(1) functional relation between kinetic energy, mass, and velocity (K ~ mv^2), as well as conservation of momentum (m1V1+ m2V2= 0) are both inductive implications of Galilean relativity. This effectively means that all three laws of Newton follow from a single principle – the principle of relativity of inertial motion. In mathematical terms, the derivation boils down to solving the following two functional equations:

2g(m) = g(2m),

f(–v) + f(v) = f(–v + w) + f(v + w) – 2f(w); and

(2) inverse square law is not merely a geometrical law from which it follows that the intensity of emanation must decay as inverse square of the distance from a point source - inverse square law is an inductive implication of relativity of scale.

When I came up with this idea of relativity of scale I was quite ecstatic - I thought I hit upon something new and of great importance. But shortly after, I had the opportunity to see the light of the Russian adage: Everything new is actually well-forgotten old. It turns out that the great Galileo has already pondered over the possibility of scale invariance of the laws of nature, but he rejected it due to its unacceptable, as he thought, implications. The following quote from Feynman gives an idea of Galileo’s reasoning that lead him to reject the principle of scale invariance:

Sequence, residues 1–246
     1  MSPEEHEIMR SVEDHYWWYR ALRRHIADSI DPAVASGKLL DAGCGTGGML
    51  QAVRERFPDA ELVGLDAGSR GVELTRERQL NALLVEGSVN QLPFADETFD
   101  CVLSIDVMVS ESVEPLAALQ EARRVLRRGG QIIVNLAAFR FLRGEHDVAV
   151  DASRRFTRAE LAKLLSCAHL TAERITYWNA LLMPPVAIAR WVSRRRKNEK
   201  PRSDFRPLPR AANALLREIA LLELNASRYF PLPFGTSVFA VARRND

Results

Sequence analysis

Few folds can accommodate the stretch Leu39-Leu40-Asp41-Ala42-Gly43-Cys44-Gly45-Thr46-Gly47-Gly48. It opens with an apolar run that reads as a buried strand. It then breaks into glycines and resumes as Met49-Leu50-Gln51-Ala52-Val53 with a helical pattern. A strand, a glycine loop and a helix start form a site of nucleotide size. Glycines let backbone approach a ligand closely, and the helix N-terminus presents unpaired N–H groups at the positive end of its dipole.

The fact that the laws of physics are not unchanged under a change of scale was discovered by Galileo. He realized that the strengths of materials were not in exactly the right proportion to their sizes, and he illustrated this property that we were just discussing, about the cathedral of matchsticks, by drawing two bones, the bone of one dog, in the right proportion for holding up his weight, and the imaginary bone of a ‘super dog’ that would be, say, ten or a hundred times bigger – that bone was a big, solid thing with quite different proportions. We do not know whether he ever carried the argument quite to the conclusion that the laws of nature must have a definite scale, but he was so impressed with this discovery that he considered it to be as important as the discovery of the laws of motion, because he published them both in the same volume, called ‘On Two New Sciences’One can easily see that Galileo's reasoning is not quite free of logical fallacies here: the scaling is not applied consistently at all levels of fractal structure of material universe. But let us take a look at Feynman’s own arguments against the principle of relativity of scale: